EAST LIVERPOOL - Next to Santa Claus and the Easter Bunny, there probably isn't much city residents look forward to more eagerly than the summer street paving schedule, which was released Thursday by officials.
According to Service-Safety Director Ryan Estell, all council members except Tom Cunningham had provided a list of streets they considered the most in need of attention.
Using those lists, Estell and planning Director Bill Cowan walked each street with a measuring wheel to measure each one's length and width to determine the approximate cost of resurfacing those streets using each of several different methods: chip and seal with one coat (the least expensive); chip and seal with two coats; micro-double; Cape seal single; Cape seal double; 1.5-inch overlay; mill and fill-3-inches (most expensive).
City Council members (from left) Sherrie Curtis, Ryan Stovall and Chuck Wade and Service-Safety Director Ryan Estell watch as workers from Suit Kote apply a new type of chip and seal surface to Drury Lane in East Liverpool. (Photo by Jo Ann Bobby-Gilbert)
During a meeting of the streets committee Thursday that all council members attended, members went over the list of streets that had been measured, with all the costs compiled on a spreadsheet by Estell, who said about $90,000 in street levy revenue is available to resurface neighborhood streets this year.
About $5,500 was earmarked for a project on Drury Lane, which was started Thursday morning.
The city actually owns the East Liverpool City Hospital property but leases it back to the hospital for $1 per year, according to Estell. As part of an agreement with the hospital, the city was allowed to collect on the mineral rights on the property in exchange for repaving the alley, which borders the hospital's parking lots.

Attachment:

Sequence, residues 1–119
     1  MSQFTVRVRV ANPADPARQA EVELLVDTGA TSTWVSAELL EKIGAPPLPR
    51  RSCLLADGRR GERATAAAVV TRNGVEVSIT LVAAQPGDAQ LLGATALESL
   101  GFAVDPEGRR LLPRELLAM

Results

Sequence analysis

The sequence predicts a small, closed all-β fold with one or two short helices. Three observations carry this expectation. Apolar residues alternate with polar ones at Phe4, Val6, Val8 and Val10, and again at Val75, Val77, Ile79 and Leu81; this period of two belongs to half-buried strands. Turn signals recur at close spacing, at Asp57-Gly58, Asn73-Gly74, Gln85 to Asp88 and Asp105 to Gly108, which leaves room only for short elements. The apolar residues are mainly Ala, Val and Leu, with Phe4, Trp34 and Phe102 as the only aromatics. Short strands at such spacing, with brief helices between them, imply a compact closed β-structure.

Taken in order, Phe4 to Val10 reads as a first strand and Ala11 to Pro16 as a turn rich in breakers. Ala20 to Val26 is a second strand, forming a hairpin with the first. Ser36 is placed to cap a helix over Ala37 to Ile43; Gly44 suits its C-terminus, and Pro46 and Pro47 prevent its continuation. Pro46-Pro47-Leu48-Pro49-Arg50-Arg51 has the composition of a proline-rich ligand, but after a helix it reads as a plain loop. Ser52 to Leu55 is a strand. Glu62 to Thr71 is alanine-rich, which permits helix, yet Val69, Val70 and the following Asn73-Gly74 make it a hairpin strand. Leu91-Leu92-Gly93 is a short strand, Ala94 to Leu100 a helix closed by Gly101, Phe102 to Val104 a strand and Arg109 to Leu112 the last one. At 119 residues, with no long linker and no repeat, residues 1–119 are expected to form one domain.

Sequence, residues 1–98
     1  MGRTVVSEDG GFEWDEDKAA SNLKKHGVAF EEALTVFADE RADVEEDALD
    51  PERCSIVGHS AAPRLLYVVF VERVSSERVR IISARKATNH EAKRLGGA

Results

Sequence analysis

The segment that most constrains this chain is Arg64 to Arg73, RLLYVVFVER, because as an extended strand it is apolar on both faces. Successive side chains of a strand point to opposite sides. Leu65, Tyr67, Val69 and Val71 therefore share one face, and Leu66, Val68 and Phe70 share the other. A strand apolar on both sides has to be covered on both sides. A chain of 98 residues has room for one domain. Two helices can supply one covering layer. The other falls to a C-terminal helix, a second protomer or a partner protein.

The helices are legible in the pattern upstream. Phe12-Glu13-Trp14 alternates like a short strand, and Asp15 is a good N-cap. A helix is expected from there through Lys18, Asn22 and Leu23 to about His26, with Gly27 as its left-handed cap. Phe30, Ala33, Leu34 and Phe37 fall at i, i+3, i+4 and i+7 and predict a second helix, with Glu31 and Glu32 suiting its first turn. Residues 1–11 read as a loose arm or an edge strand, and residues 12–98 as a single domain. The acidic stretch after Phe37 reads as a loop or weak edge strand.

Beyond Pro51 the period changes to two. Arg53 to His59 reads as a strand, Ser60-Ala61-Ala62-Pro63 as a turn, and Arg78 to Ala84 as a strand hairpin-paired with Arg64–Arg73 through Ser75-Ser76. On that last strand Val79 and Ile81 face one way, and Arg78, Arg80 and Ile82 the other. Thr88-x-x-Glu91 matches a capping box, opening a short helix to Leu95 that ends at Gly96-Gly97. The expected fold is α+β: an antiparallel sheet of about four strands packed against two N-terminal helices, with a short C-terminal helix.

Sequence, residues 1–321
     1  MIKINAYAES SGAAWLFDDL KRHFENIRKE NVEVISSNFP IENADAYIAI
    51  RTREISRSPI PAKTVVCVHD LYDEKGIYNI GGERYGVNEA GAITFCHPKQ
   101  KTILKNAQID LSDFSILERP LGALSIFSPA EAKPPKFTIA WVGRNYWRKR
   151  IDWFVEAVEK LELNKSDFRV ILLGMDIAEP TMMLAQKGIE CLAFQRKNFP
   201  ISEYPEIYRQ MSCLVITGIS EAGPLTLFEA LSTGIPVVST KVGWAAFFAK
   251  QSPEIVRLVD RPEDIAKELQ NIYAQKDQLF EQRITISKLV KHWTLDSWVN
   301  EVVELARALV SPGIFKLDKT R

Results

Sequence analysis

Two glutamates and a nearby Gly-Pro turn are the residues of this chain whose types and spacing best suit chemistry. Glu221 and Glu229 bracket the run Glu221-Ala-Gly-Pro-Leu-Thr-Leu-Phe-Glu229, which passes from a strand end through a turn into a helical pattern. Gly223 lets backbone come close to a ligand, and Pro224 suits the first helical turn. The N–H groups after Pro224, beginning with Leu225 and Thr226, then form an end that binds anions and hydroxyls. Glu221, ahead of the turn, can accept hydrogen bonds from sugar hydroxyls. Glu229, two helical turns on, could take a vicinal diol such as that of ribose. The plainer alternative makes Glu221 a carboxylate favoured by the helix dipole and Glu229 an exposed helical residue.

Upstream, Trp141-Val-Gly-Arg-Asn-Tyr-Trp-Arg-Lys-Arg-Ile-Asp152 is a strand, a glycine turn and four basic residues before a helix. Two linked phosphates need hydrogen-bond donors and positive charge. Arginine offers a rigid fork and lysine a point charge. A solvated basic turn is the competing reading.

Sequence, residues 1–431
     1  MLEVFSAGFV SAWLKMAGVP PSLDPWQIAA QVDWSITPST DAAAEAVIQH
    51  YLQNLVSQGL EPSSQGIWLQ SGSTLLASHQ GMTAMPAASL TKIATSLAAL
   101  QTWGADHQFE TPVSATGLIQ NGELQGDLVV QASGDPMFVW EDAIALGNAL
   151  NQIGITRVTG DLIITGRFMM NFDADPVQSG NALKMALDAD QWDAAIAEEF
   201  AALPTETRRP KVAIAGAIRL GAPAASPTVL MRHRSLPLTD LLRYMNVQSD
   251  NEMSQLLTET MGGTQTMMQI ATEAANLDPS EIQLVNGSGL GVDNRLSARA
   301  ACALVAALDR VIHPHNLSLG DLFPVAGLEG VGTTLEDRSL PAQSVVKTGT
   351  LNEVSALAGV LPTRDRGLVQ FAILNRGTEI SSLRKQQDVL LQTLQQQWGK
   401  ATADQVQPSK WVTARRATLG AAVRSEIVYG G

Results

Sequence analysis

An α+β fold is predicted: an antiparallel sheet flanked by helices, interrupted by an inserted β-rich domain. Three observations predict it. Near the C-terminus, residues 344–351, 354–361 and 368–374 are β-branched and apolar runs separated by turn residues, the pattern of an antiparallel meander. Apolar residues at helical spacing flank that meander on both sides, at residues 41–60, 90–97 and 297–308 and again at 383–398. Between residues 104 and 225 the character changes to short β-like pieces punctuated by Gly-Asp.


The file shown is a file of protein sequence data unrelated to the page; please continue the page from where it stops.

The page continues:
Since the city wanted a small area to test a new "fog seal" type of seal coat, it was decided Drury Lane would be the perfect site for that test, and Suit Kote out of Pennsylvania began installing the product Thursday morning, with council members Sherrie Curtis, Ryan Stovall and Chuck Wade, Estell and Mayor Jim Swoger looking on.
During the afternoon's committee meeting, members decided after about an hour's discussion that neighborhood streets which will be repaved with a variety of surfaces are: Ninth from the overpass to Dresden; Andrews from Pennsylvania to Etruria; Croft from Northside to Baxter; Enoch; Fisher; Gardendale: Mars Alley; Michigan from Elizabeth to Myrtle; Ohio from Elizabeth to the playground; Orchard Grove from St. Clair to Oliver; Summit from Jefferson to Jackson; Welsh; Wyoming from Lisbon Street to Northside.
Estell said resurfacing these streets, as well as the Drury Lane project, will use all but about $300 of the available $90,000, based on estimates they derived from prices given in the past.
Bids will have to be taken to determine the actual costs, and, with the bidding procedure, he estimated work could possibly begin on the streets in mid-July.
Some streets council members had on their lists for resurfacing were removed from consideration after it was noted street crews have already done some patching on them, considerably improving their condition, including Jennings and Smith streets, although Mayor Jim Swoger pointed out Smith needs some additional repair.
Estell said that 100 tons of hot patch material had been used since last week. Council recently moved additional money into the budget to provide for an extra 600 tons of hot patch due to the poor condition of streets after the recent hard winter weather.
Repaving will begin on Fifth, Sixth and Walnut streets downtown and the portion of Parkway within the city on June 16, a $1.3 million project for which 80 percent is being paid with Ohio Department of Transportation funds and 20 percent with a loan secured by the city to be repaid with a portion of the 5-mill street levy which was earmarked for matching funds.